Needle in the Hay – Short Story
We thought farmers were struggling until we met Mustafa and his wife and the other refugees who arrived in our town. Life on an Aussie farm during a prolonged drought was unbearable. With the children no longer at home, we were on our own. Not enough food for the animals, internal parasites, flystrike, lice, footrot, a continual decline in the marketplace of wool and lamb prices to the point where nobody talks of Australia being able to ‘ride on the sheep’s back’ anymore. For us, and many others, life was one gigantic headache. Families all over the country were being torn apart.
At night when my hubby George got up to have a wee, I’d wake and be worried that he might not return from the bathroom, might wander off in the middle of the night like his best mate did, and take his life. When he climbed back into bed, I’d snuggle up closer than normal. I didn’t want to lose him.
Then an innovative approach by our government to the handling of refugees brought us all together, the hundred or so who still made up our town and district. Like many towns, we weren’t too keen at first on this new direction, but we welcomed all one hundred of them, yeah the same population as our town, put ’em up in the pub that’d been closed for five years.
Dozens of families took a couple or a family and that was it. The idea was for the refugees to do a year’s work in a rural community assisting farmers, and then after doing their time so to speak, could integrate into mainstream Australia. It worked a dream, perhaps the best approach Australia could possibly have chosen. Our tiny town with less than a hundred people was really struggling before they came.
City folk think that their suburbs are on the decline when shops continually close and businesses shut up shop. Here, not only was half the main street no longer trading, passers-by were no longer stopping. The take-aways were derelict, timber facades broken, weeds growing through cracks in footpaths. I’m sure the few tourists who came thought it best to keep driving.
Then our newcomers arrived. There’d been such a general lack of empathy for these unfortunate folk, who through no fault of their own had to flee their homeland, sometimes enduring months or even years of absolute hardship. It had been five years since Mustafa and his wife Yasmin left Afghanistan due to the war. We learned that billions of dollars had been injected by the west but the situation was still deteriorating. After the fall of the Taliban government in 2002, things looked better for a while. People were planning to further their education but peace was not a reality. Education and prosperity were an elusive dream.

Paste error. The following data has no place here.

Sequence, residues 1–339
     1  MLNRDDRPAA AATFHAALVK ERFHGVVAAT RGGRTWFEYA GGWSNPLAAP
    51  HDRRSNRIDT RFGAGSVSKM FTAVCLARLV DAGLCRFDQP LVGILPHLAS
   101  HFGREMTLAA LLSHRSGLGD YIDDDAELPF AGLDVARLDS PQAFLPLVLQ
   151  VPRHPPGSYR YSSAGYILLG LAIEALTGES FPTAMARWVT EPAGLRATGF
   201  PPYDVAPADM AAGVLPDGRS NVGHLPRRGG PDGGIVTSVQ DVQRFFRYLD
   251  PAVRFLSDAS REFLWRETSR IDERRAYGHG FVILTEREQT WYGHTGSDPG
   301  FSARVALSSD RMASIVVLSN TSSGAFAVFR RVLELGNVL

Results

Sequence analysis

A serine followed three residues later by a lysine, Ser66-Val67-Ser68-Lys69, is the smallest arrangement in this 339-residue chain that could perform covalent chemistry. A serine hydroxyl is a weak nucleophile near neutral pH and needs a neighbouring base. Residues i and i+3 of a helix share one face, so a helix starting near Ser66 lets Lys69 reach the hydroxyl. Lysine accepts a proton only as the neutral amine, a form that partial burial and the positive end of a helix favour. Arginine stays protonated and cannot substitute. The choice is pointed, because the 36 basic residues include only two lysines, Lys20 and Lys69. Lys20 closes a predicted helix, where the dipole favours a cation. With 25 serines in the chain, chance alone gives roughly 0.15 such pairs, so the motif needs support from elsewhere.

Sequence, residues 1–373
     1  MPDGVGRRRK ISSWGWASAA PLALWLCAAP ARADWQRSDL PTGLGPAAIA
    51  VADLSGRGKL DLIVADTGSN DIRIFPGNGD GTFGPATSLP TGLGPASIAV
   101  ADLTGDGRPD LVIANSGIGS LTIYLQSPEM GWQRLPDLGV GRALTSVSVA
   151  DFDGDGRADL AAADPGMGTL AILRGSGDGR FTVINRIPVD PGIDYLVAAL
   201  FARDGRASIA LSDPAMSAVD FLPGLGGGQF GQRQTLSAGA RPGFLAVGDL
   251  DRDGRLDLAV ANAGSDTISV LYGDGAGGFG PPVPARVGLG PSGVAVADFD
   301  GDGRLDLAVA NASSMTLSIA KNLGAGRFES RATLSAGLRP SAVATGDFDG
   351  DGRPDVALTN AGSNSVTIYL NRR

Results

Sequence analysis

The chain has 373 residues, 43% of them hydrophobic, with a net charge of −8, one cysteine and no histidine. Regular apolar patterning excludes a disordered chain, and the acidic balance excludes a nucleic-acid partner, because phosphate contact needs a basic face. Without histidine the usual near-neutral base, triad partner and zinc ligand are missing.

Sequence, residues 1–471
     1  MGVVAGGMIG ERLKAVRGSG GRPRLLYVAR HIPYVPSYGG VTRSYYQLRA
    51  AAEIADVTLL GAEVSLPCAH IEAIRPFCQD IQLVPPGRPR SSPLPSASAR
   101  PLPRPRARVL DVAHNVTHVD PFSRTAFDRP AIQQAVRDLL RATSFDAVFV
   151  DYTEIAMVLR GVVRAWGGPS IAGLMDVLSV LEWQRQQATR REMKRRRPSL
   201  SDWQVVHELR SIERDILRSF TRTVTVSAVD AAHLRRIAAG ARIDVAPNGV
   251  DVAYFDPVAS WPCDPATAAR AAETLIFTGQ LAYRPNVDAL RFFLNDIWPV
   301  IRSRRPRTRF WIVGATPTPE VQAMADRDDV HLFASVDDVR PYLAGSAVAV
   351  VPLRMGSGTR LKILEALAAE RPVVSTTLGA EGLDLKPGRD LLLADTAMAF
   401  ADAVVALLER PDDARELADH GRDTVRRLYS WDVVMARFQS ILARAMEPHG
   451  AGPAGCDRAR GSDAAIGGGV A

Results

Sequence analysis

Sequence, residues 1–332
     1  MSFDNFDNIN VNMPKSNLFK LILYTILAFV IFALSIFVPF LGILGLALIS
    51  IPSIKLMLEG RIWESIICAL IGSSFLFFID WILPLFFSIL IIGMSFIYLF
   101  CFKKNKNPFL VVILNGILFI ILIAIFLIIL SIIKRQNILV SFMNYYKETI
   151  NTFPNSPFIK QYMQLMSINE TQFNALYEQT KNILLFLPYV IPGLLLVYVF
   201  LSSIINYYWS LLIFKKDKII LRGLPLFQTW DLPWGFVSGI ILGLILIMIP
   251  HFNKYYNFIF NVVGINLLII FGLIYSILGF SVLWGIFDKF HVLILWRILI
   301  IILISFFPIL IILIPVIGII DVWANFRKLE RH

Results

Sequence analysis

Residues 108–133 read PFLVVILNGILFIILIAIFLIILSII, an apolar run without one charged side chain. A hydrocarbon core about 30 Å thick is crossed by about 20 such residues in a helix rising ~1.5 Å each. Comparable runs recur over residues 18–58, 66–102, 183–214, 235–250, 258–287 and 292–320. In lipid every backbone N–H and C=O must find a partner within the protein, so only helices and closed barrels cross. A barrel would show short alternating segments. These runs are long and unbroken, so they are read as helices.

In 2010, the year Mustafa and Yasmin began their journey to freedom, more people than ever fled the country. Some went to Pakistan, others to England. More than half the one hundred who came to our town were Afghanis, as well as Iranians, Syrians and Sri Lankans. It was a real mix, like a rainbow of colour dropped on our township.
I find it hard to explain how dramatically our lives have changed in the past six months. Our town has been transformed. Every building has had a coat of paint. Both take-aways are now open and trading in the most wonderful foods imaginable. Soccer has had a revival, with weird team names like Brave Reds and The Mamnoons. The Town Hall which for decades had been used only once a year for the annual dance, is now almost never closed. It houses a monthly indoor market where we all get together. Old folk, the young, the newcomers and even people from the outer districts come to sell all sorts of items, things they make, food they cook, local produce. Every Friday night the hall is used to show some of the most unusual and interesting films ever made. On Wednesday afternoons a communal meal is served and each ethnic group takes it in turns to cook. It’s astonishing what gets produced in the simplest of country kitchens. On Saturdays the place comes alive with vibrant music.
We’re all learning so much, we from them and them from us. It’s getting to the point though that it won’t be them and us for much longer. What we have here is real integration. Dozens of them have become farm-hands and things are really looking up. They learn so fast. They become so involved. I reckon that at the end of the year a lot of them will stay on. It’s absolutely superb what’s happened here and there’s just so much love and appreciation. Congratulations to whoever had this wonderful idea.